Mycoplasma pneumoniae pneumonia with pulmonary embolism: A study on pediatric cases in Jilin province of China
- Chu-Qiao Sheng
- Chun-Feng Yang
- Yu Ao
- Zhi-Yue Zhao
- Yu-Mei Li
Affiliations: Department of Pediatric Intensive Care Unit, The First Hospital of Jilin University, Changchun, Jilin 130021, P.R. China
- Published online on: January 11, 2021 https://doi.org/10.3892/etm.2021.9634
Copyright: © Sheng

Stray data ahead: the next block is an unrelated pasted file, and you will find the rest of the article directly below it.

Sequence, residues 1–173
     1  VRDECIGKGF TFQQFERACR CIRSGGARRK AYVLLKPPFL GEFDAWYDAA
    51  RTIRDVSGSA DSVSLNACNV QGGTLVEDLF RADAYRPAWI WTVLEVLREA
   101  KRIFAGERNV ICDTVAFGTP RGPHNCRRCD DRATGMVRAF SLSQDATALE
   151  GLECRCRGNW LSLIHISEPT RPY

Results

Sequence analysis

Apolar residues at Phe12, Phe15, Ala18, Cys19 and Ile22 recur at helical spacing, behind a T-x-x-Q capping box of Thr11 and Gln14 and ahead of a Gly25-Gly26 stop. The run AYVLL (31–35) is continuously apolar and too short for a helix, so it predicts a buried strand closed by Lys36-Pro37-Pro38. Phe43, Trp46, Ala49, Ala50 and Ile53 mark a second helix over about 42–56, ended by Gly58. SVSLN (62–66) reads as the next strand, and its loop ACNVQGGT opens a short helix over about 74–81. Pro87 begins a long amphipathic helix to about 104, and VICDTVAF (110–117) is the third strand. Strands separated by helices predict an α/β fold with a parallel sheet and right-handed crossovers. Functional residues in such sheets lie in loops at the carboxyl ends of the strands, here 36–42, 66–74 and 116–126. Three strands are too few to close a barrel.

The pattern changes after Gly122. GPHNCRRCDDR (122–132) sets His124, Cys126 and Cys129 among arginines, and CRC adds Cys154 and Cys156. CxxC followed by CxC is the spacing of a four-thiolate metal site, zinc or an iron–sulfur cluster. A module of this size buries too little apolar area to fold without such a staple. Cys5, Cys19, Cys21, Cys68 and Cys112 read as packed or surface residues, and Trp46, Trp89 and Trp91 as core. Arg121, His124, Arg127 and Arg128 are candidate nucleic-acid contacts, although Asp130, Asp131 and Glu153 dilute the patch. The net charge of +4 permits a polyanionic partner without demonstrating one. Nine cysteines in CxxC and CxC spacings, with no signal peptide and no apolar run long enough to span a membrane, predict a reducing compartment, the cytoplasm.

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Mycoplasma is one of the most common pathogens causing community‑acquired pneumonia in pediatric patients. In recent years, the number of refractory or severe cases with drug resistance has been gradually increasing and cases that developed embolism after Mycoplasma pneumoniae (M. pneumoniae) infection have been reported. The present study retrospectively analyzed the clinical features, diagnosis and treatment of M. pneumoniae pneumonia (MPP) combined with pulmonary embolism (PE) in a series of 7 cases encountered between January 1st, 2016 to August 1st, 2019 at the Department of Pediatric Intensive Care Unit of The First Hospital of Jilin University (Changchun, China). Combined with relevant Chinese and international studies published during the last two decades, a comprehensive analysis was performed. All of the pediatric patients of the present study had fever, cough and dyspnea respiratory symptoms at onset and the disease progressed rapidly. Thereafter, PE was confirmed by a series of examinations. Pulmonary CT indicated patchy inflammations and significantly elevated D‑dimer levels, accompanied by positive anticardiolipin antibodies. Furthermore, a filling defect in the pulmonary artery branch was observed on CT pulmonary angiography (CTPA) examination. In 2 cases, the condition was improved with anti‑infection and anticoagulation treatment with low‑molecular‑weight heparin and warfarin, respectively, and the pulmonary embolism disappeared after 3‑4 months. A total of 5 cases, who were not responsive to the drug treatment, underwent surgical resection. During the operation, the local tissues were determined to be infarcted and the pathological diagnosis was consistent with pulmonary infarction. Among the 5 cases, 2 died of Acute Respiratory Distress Syndrome at 3‑8 days after the operation. The remaining patients underwent 6‑12 months of follow‑up and respiratory rehabilitation and their quality of life is now good. In conclusion, compared with healthy individuals, pediatric patients with critical MPP have an elevated risk of embolism. It is necessary to be vigilant regarding whether MMP is combined with PE and perform timely CTPA examination. Early detection, early treatment and surgical intervention (if necessary) may significantly reduce the risk of mortality and disability.